(WSYM) — The race to vaccinate continues on, as the more concerning delta variant of coronavirus spreads through the country and virtually all COVID deaths in the U.S. now are among unvaccinated people.
"Millions of Americans are still unvaccinated and unprotected. And because of that, their community is at risk, their friends are at risk, the people they care about are at risk,” President Joe Biden said at a news conference.
Most states fell short of the Biden administration’s goal of having 70 percent of Americans with at least one shot of the vaccine by Independence Day, including Michigan, where roughly 62 percent of eligible people have had at least one dose.
The demand for vaccines in Michigan has dropped substantially since its peak in mid-April, but the state is hoping to turn things around with the MI Shot to Win Sweepstakes, a lottery-style raffle where vaccinated folks can win more than a million bucks, or a college scholarship if they’re under 18.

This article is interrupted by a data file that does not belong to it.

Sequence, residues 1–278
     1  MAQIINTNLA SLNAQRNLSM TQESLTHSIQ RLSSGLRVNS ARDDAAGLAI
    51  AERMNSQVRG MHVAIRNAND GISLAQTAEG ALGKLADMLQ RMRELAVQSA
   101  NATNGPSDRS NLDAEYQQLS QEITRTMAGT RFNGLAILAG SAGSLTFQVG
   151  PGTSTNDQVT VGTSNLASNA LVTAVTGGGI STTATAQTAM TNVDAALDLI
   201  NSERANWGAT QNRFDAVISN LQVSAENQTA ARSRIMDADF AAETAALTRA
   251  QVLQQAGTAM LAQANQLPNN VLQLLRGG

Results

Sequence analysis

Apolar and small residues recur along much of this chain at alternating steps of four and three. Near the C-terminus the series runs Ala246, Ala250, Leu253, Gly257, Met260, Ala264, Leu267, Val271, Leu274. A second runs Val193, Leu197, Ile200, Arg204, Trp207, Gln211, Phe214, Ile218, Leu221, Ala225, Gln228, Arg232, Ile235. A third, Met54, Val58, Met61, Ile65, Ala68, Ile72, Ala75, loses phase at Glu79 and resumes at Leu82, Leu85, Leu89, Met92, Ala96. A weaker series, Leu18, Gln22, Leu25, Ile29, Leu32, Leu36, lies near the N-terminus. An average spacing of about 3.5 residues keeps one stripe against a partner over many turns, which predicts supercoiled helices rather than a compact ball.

More than a million people have registered for it since it opened on Thursday.
“With the sweepstakes, we hope to increase our rate by 9 percent,” Gov. Gretchen Whitmer said when announcing the contest.
Though it could be a while before we see the impact it will have on incentivizing new people to get vaccinated. Granted, it was a holiday weekend, but in the days following the sweepstakes announcement, the state only administered roughly 1,700 first shots per day.
If that rate holds, the state would not reach 70 percent vaccinated until July 4 of next year, according to the Michigan Senate Fiscal Agency.
Given that it would require ~630,300 vaccines to reach 70% vaccinated for >16 & current pace is ~1,700/day, the est. date for 70% threshold is 7/4/22.— Senate Fiscal Agency (@MI_SenateFiscal) July 7, 2021
This estimate includes low vaccination dates due to July 4th holiday weekend which may or may not continue the current trend.